2. Abide by the Pledge to Protect, Promise to Heal charter all of the diocese of the Roman Catholic Church in the United States signed. All attacks against the victims must stop. We are not responsible for our rapes, we did not enjoy being raped. We are not homosexuals because we were raped by a male priest. We are not liars, gold diggers who are out looking for a payday from the Roman Catholic Church.
We are your sons, we are your daughters, who want justice, whom want those who perpetrated these crimes against us punished, whom went through one of the most horrifying and terrifying experiences a human being can go through. We trusted these priests and nuns and they destroyed that trust with their evil crimes against us. We were raped, we were beaten, we had our souls, our hearts stolen from us, we had our bodies destroyed and abused. We did not deserve this, we were not willing participants and we refuse to remain silent while those whom are responsible for these crimes against us go free while we still remain trapped inside the prisons they created for us.
3. No matter what….put your children before your leaders. Protect and stand up and defend your children….not the leaders whom committed these evils against us. Your children should come first. Stand up for the victims of these crimes, whom are your own children. You may know one. Again, we are your sons, your daughters, your nieces and nephews, your God children, whom you vowed and promised to protect and defend.
I started going back to church. I even started photographing St Annes, an incredibly beautiful place of worship. I had no choice though, I had to stop because I felt like such a hypocrite. Far too many of us whom were victims still see those responsible for these evils against us in their positions as if nothing in the world is wrong. We victims are still being attacked, by people like Bill Donohue, President of the Catholic League. We are still being attacked by parishioners whom have called me a liar to my face and how dare I spread lies and rumors and false accusations and gossip against the leaders. Well, sadly, I am not spreading lies, rumors and false accusations, these statements I have made can all be proven beyond a reasonable doubt in a court of law if it were allowed.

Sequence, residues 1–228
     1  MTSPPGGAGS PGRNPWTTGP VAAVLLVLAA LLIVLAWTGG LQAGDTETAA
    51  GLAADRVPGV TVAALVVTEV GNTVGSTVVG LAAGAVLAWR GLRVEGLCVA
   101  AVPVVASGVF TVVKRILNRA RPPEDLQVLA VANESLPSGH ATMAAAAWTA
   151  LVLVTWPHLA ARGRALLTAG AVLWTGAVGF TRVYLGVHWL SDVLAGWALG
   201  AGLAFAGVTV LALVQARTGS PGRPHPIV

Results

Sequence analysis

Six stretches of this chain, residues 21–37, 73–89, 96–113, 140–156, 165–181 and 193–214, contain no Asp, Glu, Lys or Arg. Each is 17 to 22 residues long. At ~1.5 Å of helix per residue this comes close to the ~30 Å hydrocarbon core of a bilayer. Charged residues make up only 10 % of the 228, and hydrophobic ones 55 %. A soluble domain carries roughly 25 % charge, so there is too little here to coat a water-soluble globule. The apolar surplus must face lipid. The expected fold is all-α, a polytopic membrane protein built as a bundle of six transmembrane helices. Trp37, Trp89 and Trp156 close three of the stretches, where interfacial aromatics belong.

Yet while these leaders whom perpetrated these crimes against us are still in power, I cannot in good conscious go into the church. I cannot be part of a church where the leadership covered up the crimes of child abuse, child rape and put the church before the children and are still in power, for that makes me a hypocrite in my eyes.
I would love to go on a regular basis to St Anne, to be among the other worshipers, some of whom I made acquaintance and even friends with, especially Fr Kyle, but I cannot, for while the wolves are still in control….someone must stand outside the door for the defense and protection of the children and the victims.
Sin is one thing…sin can be forgiven when there is true repentance from the sin. There has been no true repentance among the leadership whom covered up these crimes. There have been staged acts of contrition, but no true repentance. For if they are to truly repent they must also submit to prosecution for the crimes they committed. They must not hide behind their robes of religion. If they seek to make laws for man like they do, they also must submit to the laws of man and be arrested and prosecuted for their crimes. No one, not even religious leaders, should be allowed to get away with crimes against children. They should not be above the law!